Chemex coffee makers—whether you have a small 3-cup or a large 8-cup brewer—use thick paper filters (they’re the thickest paper filters out there). They also suction to the sides of the brewer, which means no water drops can escape out the sides of the brewer.

So be aware of…  

  • Thick filter 👉 slower draining 👉 more extraction
  • Suctioned to the side 👉 slower draining 👉 more extraction

So you’re at risk of over-extracting your beans because they’ll drain fairly slow compared to other pour-over brewers.

How to fix it… 

  • A coarser grind 👉 faster draining 👉 balanced extraction
  • Faster pouring 👉 faster draining 👉 balanced extraction

The coarser coffee or faster pouring balances out the slower draining to make balanced coffee.

Hario V60 (V-Shaped Cone)

Brewers like the beloved V60 have two quirks you need to be aware of: (1) a very large draining hole at the bottom of the cone and (2) the filter sits slightly away from the walls of the brewer thanks to “ridges” along the walls of the cone.

So be aware of…  

  • Large draining hole 👉 faster draining 👉 less extraction
  • Lifted filter 👉 some water goes along the sides 👉 faster draining 👉 less extraction

V60 brewers put you at risk of under-extracted coffee.

How to fix it… 

  • Finer grind size 👉 slower draining 👉 balanced extraction
  • Slower pouring 👉 slower draining 👉 balanced extraction

Also, like any other v-shaped cone.

Kalitta Wave (Flat Bottom Dripper)

Flat bottom drippers like the Kalitta Wave have 2-3 smaller draining holes. This means there’s a somewhat limited draining speed, leading the grounds and water to have slightly more contact time during the brew.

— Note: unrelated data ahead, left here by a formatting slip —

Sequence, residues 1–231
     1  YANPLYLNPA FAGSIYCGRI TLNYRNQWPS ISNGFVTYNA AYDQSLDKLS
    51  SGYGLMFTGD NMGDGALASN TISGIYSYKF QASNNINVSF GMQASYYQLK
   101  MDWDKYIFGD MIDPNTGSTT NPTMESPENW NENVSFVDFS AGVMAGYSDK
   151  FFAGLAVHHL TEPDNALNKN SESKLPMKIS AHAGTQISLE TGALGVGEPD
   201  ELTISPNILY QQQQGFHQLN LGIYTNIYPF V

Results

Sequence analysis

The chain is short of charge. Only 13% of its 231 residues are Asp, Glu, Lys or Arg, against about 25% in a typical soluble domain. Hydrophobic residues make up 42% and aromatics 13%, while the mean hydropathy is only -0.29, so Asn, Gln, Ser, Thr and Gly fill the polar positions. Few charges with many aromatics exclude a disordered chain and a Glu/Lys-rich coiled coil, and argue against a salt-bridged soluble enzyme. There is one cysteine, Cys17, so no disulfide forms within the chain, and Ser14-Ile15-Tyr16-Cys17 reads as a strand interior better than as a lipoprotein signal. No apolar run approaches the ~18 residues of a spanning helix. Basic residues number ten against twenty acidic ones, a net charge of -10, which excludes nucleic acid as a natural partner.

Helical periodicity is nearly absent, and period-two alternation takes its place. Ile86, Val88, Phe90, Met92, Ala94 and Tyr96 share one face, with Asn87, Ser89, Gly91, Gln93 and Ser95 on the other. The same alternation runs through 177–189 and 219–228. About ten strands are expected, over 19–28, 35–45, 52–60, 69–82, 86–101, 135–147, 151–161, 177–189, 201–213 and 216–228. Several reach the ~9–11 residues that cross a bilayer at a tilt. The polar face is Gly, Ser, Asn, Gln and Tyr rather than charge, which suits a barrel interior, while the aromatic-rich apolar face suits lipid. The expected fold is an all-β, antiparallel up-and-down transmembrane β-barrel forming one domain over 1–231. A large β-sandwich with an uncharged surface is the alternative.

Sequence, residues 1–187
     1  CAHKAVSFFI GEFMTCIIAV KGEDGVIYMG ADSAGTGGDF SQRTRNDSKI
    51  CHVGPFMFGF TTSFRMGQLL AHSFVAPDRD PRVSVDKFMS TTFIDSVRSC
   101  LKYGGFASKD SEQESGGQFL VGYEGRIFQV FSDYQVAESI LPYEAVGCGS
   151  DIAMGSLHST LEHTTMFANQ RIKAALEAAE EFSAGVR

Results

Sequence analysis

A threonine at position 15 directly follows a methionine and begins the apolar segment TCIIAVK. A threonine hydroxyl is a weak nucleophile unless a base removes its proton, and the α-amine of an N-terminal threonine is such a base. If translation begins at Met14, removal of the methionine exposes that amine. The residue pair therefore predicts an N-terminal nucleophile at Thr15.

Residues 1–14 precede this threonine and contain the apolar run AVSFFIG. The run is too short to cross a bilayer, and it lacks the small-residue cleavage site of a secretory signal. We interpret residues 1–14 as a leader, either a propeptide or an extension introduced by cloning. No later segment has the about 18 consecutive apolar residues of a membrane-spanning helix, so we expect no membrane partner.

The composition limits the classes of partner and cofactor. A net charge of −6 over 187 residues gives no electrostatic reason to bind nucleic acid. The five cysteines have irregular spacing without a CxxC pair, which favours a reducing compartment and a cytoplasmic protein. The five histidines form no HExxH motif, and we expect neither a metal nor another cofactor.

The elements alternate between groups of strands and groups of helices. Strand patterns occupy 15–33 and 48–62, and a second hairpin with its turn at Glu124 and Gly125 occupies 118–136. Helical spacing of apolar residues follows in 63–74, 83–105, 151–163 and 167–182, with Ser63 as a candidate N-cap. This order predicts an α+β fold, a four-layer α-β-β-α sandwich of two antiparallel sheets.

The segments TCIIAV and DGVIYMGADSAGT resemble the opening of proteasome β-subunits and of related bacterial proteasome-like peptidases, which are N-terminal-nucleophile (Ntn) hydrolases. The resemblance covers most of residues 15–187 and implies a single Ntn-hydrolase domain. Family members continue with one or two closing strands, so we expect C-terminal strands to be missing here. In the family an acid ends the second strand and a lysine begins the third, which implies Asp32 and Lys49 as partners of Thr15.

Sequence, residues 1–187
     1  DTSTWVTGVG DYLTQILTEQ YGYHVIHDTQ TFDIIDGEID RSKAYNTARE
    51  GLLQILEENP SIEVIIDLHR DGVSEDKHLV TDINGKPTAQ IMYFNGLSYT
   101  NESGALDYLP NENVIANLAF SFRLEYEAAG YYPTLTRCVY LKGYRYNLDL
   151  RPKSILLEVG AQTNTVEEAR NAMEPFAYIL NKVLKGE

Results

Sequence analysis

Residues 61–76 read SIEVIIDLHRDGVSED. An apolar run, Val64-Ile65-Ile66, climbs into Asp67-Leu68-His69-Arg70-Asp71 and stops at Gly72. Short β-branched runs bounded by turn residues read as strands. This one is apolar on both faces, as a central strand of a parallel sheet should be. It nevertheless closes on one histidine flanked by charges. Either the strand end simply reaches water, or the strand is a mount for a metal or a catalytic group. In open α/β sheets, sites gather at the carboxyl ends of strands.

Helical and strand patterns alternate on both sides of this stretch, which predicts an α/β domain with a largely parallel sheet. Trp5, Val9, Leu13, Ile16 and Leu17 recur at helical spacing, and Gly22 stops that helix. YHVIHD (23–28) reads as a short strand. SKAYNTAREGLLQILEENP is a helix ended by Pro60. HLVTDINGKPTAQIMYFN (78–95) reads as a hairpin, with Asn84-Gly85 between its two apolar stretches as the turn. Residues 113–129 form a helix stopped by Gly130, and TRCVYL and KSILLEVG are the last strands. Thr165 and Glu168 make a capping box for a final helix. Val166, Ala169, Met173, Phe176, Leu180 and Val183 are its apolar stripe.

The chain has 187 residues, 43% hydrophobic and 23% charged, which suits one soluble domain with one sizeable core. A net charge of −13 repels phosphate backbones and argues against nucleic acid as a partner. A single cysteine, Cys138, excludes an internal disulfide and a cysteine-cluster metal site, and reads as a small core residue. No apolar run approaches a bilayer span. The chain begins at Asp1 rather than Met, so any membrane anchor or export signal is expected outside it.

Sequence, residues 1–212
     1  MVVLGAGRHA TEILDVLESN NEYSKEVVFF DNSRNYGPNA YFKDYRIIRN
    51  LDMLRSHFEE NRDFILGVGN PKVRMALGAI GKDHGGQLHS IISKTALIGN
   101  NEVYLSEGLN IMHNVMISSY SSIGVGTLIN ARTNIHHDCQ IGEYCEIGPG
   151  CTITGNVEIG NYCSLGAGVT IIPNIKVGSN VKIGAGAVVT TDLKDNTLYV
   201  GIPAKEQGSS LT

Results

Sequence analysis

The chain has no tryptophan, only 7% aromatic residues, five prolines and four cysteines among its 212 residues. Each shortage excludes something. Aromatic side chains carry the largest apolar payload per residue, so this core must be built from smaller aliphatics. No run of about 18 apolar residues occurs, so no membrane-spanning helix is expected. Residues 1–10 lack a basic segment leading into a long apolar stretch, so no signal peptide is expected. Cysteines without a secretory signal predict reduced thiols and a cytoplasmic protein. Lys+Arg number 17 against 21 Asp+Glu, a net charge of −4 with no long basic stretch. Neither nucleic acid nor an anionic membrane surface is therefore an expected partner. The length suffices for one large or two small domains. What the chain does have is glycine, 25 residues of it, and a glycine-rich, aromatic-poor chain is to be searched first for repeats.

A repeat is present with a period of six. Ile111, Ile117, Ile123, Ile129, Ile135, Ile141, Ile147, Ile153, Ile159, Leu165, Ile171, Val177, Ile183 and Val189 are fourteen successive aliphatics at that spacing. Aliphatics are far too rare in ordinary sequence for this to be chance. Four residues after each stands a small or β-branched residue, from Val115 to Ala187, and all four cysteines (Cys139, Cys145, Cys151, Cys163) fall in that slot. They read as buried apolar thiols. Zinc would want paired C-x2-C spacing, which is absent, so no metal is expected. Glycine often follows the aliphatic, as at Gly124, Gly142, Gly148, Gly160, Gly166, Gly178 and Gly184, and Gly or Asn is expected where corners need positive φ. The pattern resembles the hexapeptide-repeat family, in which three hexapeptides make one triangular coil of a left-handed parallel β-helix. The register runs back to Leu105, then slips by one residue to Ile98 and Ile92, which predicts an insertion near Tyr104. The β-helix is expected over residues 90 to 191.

So be aware of…  

  • Slower draining 👉 more brew time 👉 more extraction

This can be a good thing because it tends to be a little more forgiving than V-shaped cones like the V60. But it can also still cause your water and coffee to brew for too long, leading to over-extracted coffee.

How to fix it… 

  • Coarser grind size 👉 faster draining 👉 less brew time 👉 balanced extraction

Pouring water extra fast doesn’t help much here, because the holes only let the coffee drain so quickly. But the coarse grounds, however, don’t extract so fast, which means that extra water-coffee contact time doesn’t lead to over-extracted coffee.

Also like December Dripper, Melitta, Beehouse, notNeutral Gino.

Kone (Metal Filter Cones)

Metal reusable filters have fine meshes that take a while for the coffee to drain through—and the holes can get clogged over months/years of use.

So be aware of…  

  • Slow draining 👉 more brew time 👉 more extraction

Once again, this longer coffee-water contact time is a little more forgiving than v-shaped brewers if you know how to counteract it.

How to fix it… 

  • Coarse grind size 👉 faster draining 👉 less brew time 👉 balanced extraction


Also like: JavaPresse, Gina Smart Coffeemaker

Hario Woodneck (Cloth Filter Drippers)

Cloth filters produce stunningly smooth and aromatic coffee. They generally have a balanced draining speed that’s beginner-friendly from the get-go.

So be aware of…  

  • Fast draining 👉 less brew time 👉 less extraction
  • OR slow draining 👉 more brew time 👉 more extraction

You could really go either way here—just be mindful of how your coffee tastes to figure out if you’re over (bitter) or under (sour) extracted. 

How to fix it… 

  • Finer grind 👉 more brew time 👉 balanced extraction
  • OR coarser grind 👉 less brew time 👉 balanced extraction

See? You’ve got it!

Also like: CoffeeSock

The #1 Tip For Balanced Pour Over Coffee

Even if you do everything right, if you miss this one thing… you’re doomed.

Always brew with freshly-roasted, specialty-grade coffee beans.

They’re far more forgiving and flavorful than low-grade, bitter beans. So even if you’re just getting started with pour-over coffee, they’ll taste amazing.


  • Notes of strawberries, vanilla, and sugarcane
  • Notes of hazelnut, brown sugar, and red fruit
  • Notes of honey, citrus, and flowers

Oh hey! That’s OUR coffee we’re describing. 

👉👉 Discover your next favorite coffee right here.

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Roasted in NYC